No, me neither.  Much else about the Boleyn Ground, yes.  The intensity and claustrophobia, the proximity to the pitch, completely brilliant.  But not that queue.  West Ham start the new season at the Olympic Stadium, a grander venue in some respects but less intimate and perhaps, crucially, less intimidating.  It will be interesting to see how the dynamic changes, and how well the increase in capacity by around 70% is managed… very easy to get this wrong and be stuck with a situation where the ground has no distinct demographics.  On the pitch, consensus on the messageboards is that West Ham may have overachieved with last season’s seventh place, and a top half place this time would be more than fine;  there’s a concern up front as I write, and whilst West Ham games being the most exciting in the division last term in terms of average number of goals (116 goals across 38 games compared to our 90) a team like that always feels a little more precarious than a side with a solid base.  Plenty of quality in the Hammers side though, so shouldn’t be in any trouble at the other end…  I’ll go for twelfth.


INS: Isaac Success (Granada, £12,500,000), Christian Kabasele (Genk, £5,800,000), Jerome Sinclair (Liverpool, £4,000,000), Brice Dja Djédjé (Marseille, £3,000,000), Juan Camilo Zúñiga (Napoli, Season Loan)

OUTS: Almen Abdi (Sheffield Wednesday, £4,000,000+), Gabriele Angella (Udinese, Undisclosed), Juanfran (Deportivo, Undisclosed), José Manuel Jurado (Espanyol, Undisclosed), Daniel Pudil (Sheffield Wednesday, Undisclosed), George Byers (Swansea City, Free), Josh Doherty (Leyton Orient, Free), Matt Hall (Ross County, Free), Bernard Mensah (Aldershot Town, Free), Luke Simpson (York City, Free), Joel Ekstrand, Uche Ikpeazu, Jorell Johnson, Mahlondo Martin, Alfie Young, Steven Berghuis (Feyenoord, Season Loan), Dennon Lewis (Woking, Season Loan), Obbi Oularé (Zulte Waregem, Season Loan), Adalberto Peñaranda (Udinese, Season Loan), Nathan Aké (Chelsea, End of Loan)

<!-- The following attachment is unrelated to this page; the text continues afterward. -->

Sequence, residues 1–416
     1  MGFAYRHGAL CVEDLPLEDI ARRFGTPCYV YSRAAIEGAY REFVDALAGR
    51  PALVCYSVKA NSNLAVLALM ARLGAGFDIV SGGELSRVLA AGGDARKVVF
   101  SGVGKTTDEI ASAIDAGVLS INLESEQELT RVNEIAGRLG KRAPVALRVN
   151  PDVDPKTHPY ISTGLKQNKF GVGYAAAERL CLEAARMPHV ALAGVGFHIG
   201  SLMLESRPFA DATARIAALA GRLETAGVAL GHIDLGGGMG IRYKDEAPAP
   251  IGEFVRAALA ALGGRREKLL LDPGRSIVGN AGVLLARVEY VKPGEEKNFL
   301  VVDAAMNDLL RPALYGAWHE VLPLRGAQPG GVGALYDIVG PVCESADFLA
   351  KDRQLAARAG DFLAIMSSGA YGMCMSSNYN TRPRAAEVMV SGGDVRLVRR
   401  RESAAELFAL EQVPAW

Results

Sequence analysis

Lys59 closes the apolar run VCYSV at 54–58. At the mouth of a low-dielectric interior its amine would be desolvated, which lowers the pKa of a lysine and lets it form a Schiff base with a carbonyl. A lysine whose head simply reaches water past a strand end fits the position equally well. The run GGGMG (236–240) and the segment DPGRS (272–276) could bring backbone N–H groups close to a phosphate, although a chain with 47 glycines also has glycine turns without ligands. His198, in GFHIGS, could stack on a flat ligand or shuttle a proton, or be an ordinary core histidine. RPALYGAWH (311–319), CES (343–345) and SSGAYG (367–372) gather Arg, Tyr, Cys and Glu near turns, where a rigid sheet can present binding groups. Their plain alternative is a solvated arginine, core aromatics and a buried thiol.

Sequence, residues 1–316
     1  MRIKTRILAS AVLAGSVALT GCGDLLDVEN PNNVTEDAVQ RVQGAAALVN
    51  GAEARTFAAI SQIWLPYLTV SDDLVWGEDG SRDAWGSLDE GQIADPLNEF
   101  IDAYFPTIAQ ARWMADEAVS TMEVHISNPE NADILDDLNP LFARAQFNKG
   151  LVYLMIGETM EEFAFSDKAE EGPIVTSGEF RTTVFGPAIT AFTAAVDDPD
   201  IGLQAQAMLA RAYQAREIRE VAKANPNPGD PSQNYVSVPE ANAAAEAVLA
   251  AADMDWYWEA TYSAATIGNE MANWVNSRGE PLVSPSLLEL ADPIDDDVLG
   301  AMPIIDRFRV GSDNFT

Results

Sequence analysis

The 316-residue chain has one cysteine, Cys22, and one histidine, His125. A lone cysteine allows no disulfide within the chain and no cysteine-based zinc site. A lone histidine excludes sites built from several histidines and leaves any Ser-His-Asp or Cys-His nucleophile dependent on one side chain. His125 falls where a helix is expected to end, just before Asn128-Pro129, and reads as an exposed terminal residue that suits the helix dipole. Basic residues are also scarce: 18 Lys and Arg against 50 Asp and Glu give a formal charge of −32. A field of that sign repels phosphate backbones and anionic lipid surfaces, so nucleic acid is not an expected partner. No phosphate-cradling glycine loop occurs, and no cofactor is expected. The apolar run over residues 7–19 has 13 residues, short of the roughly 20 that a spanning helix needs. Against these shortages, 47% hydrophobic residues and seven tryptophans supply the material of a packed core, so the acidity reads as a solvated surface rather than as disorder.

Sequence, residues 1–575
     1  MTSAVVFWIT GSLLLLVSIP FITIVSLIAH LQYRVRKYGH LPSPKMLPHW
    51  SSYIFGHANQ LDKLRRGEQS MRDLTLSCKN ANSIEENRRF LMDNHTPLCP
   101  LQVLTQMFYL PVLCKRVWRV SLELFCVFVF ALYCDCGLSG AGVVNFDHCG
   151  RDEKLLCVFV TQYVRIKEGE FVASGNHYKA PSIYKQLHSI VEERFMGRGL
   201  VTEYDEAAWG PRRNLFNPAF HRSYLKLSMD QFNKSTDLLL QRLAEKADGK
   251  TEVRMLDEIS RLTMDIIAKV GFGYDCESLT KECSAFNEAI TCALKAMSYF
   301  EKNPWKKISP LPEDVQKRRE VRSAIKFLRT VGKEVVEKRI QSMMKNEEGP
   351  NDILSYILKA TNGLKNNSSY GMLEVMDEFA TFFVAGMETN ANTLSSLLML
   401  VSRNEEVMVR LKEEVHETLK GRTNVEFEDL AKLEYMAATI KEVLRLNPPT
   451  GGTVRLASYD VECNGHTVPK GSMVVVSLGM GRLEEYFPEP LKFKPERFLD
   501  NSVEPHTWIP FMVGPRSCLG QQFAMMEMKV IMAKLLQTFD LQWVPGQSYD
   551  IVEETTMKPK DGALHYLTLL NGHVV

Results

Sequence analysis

Kabasele          Cathcart            Britos
Behrami      Doucouré
Zúñiga                    Capoue                   Holebas
Deeney          Ighalo

VERDICT: The thing about chucking it all up in the air again every summer is that you never know quite where you are.  No basis, really, on which to assess how we’re going to do.  If this were another club I might feel justified in saying… well, started last season OK but then tailed off a bit.  Got to be worried about momentum, really… and then getting rid of their manager?  (sorry, head coach).  Really?   So the new guy’s got to start again, new formation in a new league for a club everyone expects to struggle?  Where kinda mid-table apparently isn’t good enough?

Thing is, the Pozzos, Duxbury, haven’t got every decision right, but they’ve got most of them right.  So you’ve got to have a bit of faith in that regard. As we’ve discussed before on these pages… and not so very far down the page, although it was months ago…  there was no groundswell of dismay about Quique’s departure, not from Hertfordshire anyway.  And much as it’s a challenge to formulate a team quickly – to hope something “gels” whilst perpetually giving it a good old stir, as Ian once put it (ish) – it’s not as if we’ve not got a track record for pulling it off.  Zola, Jokanovic and Flores all managed this under their tenures;  whilst bringing Quique in at the start of last season seemed risky, it also meant that nobody knew what the hell to expect.